A researcher has earned over $13,000 for a flaw that exposed the email address and birth date of Instagram users via the Facebook Business Suite.
The issue was discovered in October by Saugat Pokharel, a researcher based in Nepal, and it was patched within hours by Facebook.
Pokharel identified the vulnerability while analyzing the Facebook Business Suite interface that the social media giant introduced in September. Facebook Business Suite is designed to make it easier for businesses to manage Facebook, Messenger, Instagram and WhatsApp from a single location.
Pokharel connected his Instagram account to the Business Suite and noticed that, when messaging an Instagram user, he could see that user’s email address, which should have been kept private. It’s worth noting that the email address was displayed on the right side of the chat window — obtaining the information did not require any actual hacking.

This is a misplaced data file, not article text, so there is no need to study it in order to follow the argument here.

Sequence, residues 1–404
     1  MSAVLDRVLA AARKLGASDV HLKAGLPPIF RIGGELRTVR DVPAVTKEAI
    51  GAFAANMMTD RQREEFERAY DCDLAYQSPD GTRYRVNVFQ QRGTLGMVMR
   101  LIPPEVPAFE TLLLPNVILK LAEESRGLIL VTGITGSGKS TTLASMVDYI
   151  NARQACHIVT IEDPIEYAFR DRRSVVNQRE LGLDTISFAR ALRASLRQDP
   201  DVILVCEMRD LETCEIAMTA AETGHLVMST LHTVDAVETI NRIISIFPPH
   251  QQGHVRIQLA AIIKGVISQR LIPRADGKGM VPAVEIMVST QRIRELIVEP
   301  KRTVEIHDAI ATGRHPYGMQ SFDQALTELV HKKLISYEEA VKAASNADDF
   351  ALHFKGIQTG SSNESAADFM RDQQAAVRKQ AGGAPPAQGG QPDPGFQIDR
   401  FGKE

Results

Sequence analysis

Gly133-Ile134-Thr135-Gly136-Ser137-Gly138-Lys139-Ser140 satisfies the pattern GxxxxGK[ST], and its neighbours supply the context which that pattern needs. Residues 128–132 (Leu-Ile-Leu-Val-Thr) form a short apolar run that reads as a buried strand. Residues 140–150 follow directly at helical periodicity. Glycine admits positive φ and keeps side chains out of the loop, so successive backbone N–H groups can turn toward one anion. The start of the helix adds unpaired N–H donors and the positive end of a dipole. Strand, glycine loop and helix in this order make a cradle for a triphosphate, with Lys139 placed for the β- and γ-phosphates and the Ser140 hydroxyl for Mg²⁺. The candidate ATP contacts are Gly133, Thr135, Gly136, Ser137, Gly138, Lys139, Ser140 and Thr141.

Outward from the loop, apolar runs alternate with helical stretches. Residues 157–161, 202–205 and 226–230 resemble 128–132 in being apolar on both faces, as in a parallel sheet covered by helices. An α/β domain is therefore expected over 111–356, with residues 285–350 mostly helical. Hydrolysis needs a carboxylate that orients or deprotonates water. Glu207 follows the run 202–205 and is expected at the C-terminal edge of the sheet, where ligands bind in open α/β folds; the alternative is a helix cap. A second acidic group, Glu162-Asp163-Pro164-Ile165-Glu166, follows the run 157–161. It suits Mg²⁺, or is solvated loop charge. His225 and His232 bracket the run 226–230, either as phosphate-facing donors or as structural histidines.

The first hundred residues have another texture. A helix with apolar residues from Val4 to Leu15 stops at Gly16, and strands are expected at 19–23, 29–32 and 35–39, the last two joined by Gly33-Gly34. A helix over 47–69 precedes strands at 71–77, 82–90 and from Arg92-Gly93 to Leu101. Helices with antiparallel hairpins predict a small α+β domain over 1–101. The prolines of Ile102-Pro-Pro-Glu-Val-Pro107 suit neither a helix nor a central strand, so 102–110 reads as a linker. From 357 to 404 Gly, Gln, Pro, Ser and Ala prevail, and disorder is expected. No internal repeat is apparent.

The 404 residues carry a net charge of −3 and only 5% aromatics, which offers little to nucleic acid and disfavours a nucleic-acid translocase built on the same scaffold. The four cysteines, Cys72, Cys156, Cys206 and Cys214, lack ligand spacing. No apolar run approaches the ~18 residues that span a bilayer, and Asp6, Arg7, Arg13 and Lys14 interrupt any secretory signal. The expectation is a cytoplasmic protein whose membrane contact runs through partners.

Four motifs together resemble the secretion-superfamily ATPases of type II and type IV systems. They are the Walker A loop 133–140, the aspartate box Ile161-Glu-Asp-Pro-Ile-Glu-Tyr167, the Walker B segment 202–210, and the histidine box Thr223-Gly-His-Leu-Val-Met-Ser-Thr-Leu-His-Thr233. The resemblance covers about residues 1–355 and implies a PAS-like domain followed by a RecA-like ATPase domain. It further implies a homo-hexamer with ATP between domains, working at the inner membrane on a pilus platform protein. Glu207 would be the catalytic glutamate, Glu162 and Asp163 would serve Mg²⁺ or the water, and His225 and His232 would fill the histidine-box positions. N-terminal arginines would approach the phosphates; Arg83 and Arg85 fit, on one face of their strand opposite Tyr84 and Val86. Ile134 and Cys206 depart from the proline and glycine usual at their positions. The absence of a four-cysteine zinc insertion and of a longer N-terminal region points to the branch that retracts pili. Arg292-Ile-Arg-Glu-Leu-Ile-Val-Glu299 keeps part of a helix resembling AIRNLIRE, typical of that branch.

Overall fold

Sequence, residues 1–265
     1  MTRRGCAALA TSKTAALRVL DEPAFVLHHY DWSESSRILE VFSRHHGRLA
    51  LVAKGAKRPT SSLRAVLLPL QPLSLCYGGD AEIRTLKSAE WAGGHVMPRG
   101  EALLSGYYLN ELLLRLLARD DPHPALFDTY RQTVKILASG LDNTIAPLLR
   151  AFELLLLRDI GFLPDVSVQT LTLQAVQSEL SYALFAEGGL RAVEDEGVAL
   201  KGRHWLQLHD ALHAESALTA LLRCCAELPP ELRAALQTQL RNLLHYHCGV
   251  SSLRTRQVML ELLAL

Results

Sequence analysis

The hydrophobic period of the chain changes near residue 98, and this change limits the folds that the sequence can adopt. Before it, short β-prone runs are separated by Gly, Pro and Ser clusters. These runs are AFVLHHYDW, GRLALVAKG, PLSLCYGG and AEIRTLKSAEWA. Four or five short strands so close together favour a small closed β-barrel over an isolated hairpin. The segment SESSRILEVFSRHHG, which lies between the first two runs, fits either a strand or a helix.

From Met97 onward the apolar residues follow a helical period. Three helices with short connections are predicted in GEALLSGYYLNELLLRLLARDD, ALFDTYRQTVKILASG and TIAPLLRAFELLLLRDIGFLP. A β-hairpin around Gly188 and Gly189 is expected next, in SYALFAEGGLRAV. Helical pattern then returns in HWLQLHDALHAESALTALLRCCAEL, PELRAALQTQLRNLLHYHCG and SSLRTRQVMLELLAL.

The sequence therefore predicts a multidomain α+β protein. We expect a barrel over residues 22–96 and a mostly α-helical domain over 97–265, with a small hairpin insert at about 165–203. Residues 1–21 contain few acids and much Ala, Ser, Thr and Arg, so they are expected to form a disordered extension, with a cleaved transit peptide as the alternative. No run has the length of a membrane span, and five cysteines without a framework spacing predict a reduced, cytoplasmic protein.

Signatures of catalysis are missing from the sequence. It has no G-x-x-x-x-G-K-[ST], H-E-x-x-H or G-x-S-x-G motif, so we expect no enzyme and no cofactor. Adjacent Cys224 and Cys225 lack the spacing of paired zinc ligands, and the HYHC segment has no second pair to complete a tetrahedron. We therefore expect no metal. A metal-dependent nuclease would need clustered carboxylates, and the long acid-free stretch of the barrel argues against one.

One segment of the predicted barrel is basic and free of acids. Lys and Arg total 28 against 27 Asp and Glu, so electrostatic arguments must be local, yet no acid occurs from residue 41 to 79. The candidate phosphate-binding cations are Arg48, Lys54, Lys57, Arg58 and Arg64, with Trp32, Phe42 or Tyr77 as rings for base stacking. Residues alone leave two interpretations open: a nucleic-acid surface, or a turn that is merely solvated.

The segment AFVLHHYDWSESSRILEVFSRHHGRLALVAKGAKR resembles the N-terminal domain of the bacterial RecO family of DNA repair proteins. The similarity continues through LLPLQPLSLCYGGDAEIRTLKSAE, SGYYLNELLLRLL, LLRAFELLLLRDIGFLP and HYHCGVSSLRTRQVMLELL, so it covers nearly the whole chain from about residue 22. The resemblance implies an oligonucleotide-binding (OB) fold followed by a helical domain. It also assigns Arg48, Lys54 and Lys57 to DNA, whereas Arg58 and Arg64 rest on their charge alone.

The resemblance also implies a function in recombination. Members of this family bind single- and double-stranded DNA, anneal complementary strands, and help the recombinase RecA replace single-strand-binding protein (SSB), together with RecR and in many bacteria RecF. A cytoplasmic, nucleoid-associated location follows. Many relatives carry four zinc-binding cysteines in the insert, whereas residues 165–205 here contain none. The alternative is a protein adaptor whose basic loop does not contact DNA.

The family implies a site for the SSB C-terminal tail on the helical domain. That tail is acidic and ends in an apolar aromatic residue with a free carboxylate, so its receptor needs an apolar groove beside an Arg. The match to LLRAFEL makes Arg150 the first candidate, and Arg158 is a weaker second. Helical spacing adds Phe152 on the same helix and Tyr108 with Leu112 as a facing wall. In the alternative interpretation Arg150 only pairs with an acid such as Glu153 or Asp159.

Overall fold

The researcher determined that the email address of every Instagram user was exposed, even those who had their accounts set to private and ones that did not accept direct messages from everyone.
Facebook quickly patched this issue, but while he was verifying the fix, Pokharel noticed that the birth date of Instagram users was exposed in the same way by the Facebook business tool. The social media company patched the birth date exposure within a week.
Pokharel said he received a total of $13,125 from Facebook for his findings.
A few months ago, cybersecurity firm Check Point disclosed the details of an Instagram vulnerability that could have been exploited to hijack accounts and turn the victim’s phone into a spying tool without any interaction.